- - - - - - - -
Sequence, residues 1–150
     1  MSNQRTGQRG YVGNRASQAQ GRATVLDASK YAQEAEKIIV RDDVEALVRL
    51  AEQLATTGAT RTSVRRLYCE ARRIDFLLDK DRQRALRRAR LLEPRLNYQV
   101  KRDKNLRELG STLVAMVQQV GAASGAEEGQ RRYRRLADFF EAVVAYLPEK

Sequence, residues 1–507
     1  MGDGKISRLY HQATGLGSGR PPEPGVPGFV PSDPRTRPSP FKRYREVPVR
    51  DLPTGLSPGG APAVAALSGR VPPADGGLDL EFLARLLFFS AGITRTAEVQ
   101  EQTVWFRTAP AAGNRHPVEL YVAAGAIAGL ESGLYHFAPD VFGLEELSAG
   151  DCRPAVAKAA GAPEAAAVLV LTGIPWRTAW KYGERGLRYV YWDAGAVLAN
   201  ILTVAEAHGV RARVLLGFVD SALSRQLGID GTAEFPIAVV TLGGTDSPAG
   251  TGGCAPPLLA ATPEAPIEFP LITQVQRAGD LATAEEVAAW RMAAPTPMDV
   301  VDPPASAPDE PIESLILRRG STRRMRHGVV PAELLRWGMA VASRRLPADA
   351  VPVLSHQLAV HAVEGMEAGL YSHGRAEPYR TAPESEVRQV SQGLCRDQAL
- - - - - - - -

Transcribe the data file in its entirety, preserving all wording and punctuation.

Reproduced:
Sequence, residues 1–150
     1  MSNQRTGQRG YVGNRASQAQ GRATVLDASK YAQEAEKIIV RDDVEALVRL
    51  AEQLATTGAT RTSVRRLYCE ARRIDFLLDK DRQRALRRAR LLEPRLNYQV
   101  KRDKNLRELG STLVAMVQQV GAASGAEEGQ RRYRRLADFF EAVVAYLPEK

Sequence, residues 1–507
     1  MGDGKISRLY HQATGLGSGR PPEPGVPGFV PSDPRTRPSP FKRYREVPVR
    51  DLPTGLSPGG APAVAALSGR VPPADGGLDL EFLARLLFFS AGITRTAEVQ
   101  EQTVWFRTAP AAGNRHPVEL YVAAGAIAGL ESGLYHFAPD VFGLEELSAG
   151  DCRPAVAKAA GAPEAAAVLV LTGIPWRTAW KYGERGLRYV YWDAGAVLAN
   201  ILTVAEAHGV RARVLLGFVD SALSRQLGID GTAEFPIAVV TLGGTDSPAG
   251  TGGCAPPLLA ATPEAPIEFP LITQVQRAGD LATAEEVAAW RMAAPTPMDV
   301  VDPPASAPDE PIESLILRRG STRRMRHGVV PAELLRWGMA VASRRLPADA
   351  VPVLSHQLAV HAVEGMEAGL YSHGRAEPYR TAPESEVRQV SQGLCRDQAL